For days now it’s been sunny and warm just to the north of us, but here on the coast, we’ve been trapped in coastal fog and mist. At last the murk has lost its battle with the sun, and I’m able to sit above Bacon Hole in humid sunshine. Save for a gentle draught up the cliff face, there’s not a breath of wind. The sea is almost flat calm, but even so, there’s a gentle crashing of surf on the rocks below, almost drowning out the song of a robin, and the scalding of wren deep in the gorse.
A distant splash of yellow in an otherwise green carpet of gorse covers the slope on the east side of Hunts Bay, and around my feet late rock roses, devil’s bit scabious, and a few thistles give more colour. A worn out speckled wood butterfly flies by and seems to stumble into the gorses and a few small heaths, and several whites are on the slope below. There are grasshoppers too, lots of them; the long hot summer seems to have suited them, and I haven’t seen so many for years. It’s mid afternoon, mist still hanging above the sea as Oxwich Bay come and goes in the haze. There’s no line between sea and sky, and a fishing boat at times seems suspended above the water in the fog.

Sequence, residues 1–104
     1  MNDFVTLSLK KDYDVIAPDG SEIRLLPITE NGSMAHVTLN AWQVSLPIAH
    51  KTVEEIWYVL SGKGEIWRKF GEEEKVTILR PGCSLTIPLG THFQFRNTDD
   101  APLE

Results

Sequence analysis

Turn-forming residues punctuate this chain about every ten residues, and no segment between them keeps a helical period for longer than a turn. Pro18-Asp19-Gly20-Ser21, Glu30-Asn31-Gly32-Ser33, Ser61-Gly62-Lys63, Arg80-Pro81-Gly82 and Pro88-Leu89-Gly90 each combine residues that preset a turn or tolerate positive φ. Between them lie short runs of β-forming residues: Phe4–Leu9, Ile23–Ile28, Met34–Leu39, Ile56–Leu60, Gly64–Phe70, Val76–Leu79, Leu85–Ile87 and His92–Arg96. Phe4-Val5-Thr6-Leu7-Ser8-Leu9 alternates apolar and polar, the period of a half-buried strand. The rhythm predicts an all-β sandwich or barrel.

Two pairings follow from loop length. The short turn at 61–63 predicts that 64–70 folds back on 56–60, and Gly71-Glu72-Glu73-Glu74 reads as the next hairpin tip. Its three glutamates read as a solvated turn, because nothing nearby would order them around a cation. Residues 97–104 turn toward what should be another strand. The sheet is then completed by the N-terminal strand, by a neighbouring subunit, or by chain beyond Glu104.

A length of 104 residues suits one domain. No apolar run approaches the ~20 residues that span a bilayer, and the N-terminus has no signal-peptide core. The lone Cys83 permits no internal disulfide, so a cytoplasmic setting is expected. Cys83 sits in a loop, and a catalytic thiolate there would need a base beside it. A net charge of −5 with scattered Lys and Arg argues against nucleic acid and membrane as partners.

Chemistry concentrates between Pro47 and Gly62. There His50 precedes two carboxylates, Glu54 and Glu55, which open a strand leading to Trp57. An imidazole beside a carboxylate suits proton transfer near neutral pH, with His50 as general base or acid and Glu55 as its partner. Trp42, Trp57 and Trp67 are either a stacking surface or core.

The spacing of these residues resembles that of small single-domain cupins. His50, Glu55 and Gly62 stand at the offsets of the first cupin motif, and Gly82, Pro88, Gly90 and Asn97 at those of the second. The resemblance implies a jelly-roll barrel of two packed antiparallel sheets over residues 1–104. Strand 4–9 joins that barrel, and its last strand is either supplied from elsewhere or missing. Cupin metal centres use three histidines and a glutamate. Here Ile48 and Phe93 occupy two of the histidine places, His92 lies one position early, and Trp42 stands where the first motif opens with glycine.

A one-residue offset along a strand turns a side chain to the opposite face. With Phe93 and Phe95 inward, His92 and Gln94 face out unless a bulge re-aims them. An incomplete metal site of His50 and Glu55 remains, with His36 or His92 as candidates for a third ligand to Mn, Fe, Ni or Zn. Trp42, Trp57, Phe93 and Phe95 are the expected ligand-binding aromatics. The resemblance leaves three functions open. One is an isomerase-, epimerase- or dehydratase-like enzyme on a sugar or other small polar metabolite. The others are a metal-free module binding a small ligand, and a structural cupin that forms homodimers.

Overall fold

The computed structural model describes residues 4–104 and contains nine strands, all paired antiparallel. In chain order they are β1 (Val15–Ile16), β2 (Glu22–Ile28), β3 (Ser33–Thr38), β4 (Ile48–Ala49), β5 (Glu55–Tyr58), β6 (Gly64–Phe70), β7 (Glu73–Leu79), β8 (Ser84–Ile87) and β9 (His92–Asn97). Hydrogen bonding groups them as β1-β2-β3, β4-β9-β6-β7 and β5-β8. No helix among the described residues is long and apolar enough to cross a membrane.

At Hunts Bay, I retire to my favourite hidden ledge where Dylan Thomas and Vernon Watkins composed poems. With the tide on the rise I watch a scattering of gulls on the rocks, and a couple of herons searching the myriad of small pools gradually being gradually filled as the sea creeps in. Pwll Du Head is magnificent. Looking like a natural castle fashioned from the limestone, both rugged, yet gentle, it slowly begins to glow in the mellow light.
I watch for an hour, and as usual there’s not a soul about. I have it all to myself, but this is the magic of Gower out of season. Slowly the sun looses once more, and the mist creeps in over the cliff.